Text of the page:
UK Politics

Labour vetoed defence cuts plans, says ex-defence chief

Sir Jock Stirrup
Image caption Sir Jock has stepped down as chief of the defence staff

Ex-armed forces chief Sir Jock Stirrup has said defence bosses' plans to cut costs were vetoed by Labour ministers.

Defence Board proposals of "painful" cuts to fast jet aircraft, ships and equipment to deal with a £38bn black hole were overruled, he told the BBC.

But a £5.4bn aircraft carrier order had to go ahead due to an "entirely sensible" deal with dockyards, he said.

Ministers say they had to continue with the controversial carriers because it would be more expensive to cancel them.

Both ships were spared in the defence review but one will be kept in "extended readiness" or sold, while the other will be altered to allow full "interoperability" with US and French jets - delaying its in-service date from 2016 to 2020.

Defence Secretary Liam Fox has attacked the previous Labour government for what he calls a £38bn "black hole" in the defence budget over 10 years - saying they had agreed to spend the money, including £20bn on equipment and support, without any idea of whether the money was there to cover it.

Sir Jock, who stepped down as chief of the defence staff last week, told the BBC's Andrew Marr Show he agreed there were "some pretty unfortunate cases in procurement during the Labour years" but said the main problem was "cost growth" in the budget.

He said the growing costs "needed to be attended to" and the Defence Board, the highest non-ministerial committee at the MoD - had "painful" but necessary plans to manage them.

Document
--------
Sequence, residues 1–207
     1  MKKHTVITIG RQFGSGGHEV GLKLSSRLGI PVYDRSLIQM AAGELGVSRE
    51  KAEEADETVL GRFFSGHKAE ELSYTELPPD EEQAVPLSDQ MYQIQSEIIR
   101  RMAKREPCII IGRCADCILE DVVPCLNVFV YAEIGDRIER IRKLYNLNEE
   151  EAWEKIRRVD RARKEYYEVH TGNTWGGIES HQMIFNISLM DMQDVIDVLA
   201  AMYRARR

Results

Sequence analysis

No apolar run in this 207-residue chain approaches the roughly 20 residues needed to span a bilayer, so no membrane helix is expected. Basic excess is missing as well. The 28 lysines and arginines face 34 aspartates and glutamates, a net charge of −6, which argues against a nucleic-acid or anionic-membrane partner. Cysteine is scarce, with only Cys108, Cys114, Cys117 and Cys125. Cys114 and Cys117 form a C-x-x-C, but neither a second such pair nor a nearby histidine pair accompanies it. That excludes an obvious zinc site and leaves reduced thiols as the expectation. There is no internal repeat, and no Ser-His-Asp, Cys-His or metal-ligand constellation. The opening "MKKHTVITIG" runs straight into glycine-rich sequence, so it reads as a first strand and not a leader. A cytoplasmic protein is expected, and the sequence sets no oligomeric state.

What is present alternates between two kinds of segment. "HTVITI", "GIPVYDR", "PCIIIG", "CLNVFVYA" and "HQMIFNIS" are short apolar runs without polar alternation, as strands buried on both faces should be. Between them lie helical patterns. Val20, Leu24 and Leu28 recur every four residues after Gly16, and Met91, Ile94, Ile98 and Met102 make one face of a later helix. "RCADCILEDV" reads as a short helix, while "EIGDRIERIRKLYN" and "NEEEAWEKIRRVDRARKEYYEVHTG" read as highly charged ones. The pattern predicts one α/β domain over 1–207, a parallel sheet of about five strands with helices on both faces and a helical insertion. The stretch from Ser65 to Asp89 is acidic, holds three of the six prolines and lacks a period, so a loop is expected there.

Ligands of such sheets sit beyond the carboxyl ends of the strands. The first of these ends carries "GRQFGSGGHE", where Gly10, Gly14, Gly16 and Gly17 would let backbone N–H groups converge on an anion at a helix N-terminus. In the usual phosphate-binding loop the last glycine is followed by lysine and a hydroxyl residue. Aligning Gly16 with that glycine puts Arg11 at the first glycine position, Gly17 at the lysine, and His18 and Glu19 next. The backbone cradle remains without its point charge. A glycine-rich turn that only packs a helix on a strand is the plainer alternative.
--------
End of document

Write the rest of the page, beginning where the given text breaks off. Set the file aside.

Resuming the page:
Carriers contract

But he said the proposals to cut the numbers of fast jet aircraft, ships and Army equipment were "vetoed by ministers of the day because they were, I suppose, politically too difficult".

"When the cost of the programme clearly outstrips the amount of money you are likely to have available under any given scenario, then you have to reduce the total programme, which means you are going to have to cut some things."

Labour's shadow defence secretary, Jim Murphy, has argued that defence projects had gone over budget under both Labour and Conservative governments.

He said his party's government had "invested in defence supporting our armed forces and ensuring they had state-of-the-art kit and the support of helicopters, transport aircraft, fast jets and world-class ships".

Prime Minister David Cameron has attacked the terms of the aircraft carriers contract signed by the former Labour government, telling MPs the government was "left in a situation where even cancelling the second carrier would actually cost more than to build it".

Sir Jock said the reason the carriers had to be built was down to a "terms of business agreement" with the dockyards, which had been drawn up for "entirely sensible" reasons.

"We had too large a shipbuilding industry in this country for what we are able to sustain and we had to come down to one dockyard.

"To enable us to come down to one dockyard the industry had to invest in the necessary rationalisation. They were only going to do that if they had a commitment to a certain level of work for a certain number of years. Part of that work of course was the construction of these two carriers."

There have been criticisms that the defence review - which was carried out at the same time as the wider spending review across all departments - was rushed and dictated by the need to make cuts.

Labour leader Ed Miliband described it as "a spending review dressed up as a defence review" and said it was "not credible".

Sir Jock said there had been a "heated debate" over defence cuts and confirmed that he and other senior defence figures "on more than one occasion" had met Prime Minister David Cameron to discuss the plans.

But he denied that the review had been carried out too quickly. He said if it had come out after the spending review, the Treasury would already have decided what the Ministry of Defence would get.

"We would've had to conduct the second half of the review within that financial straitjacket, now nothing is more finance-driven than that. By doing the defence review at the same pace as the spending review, we were at least able to use some of the strategic arguments in an attempt to influence the resource allocation process - with some success."

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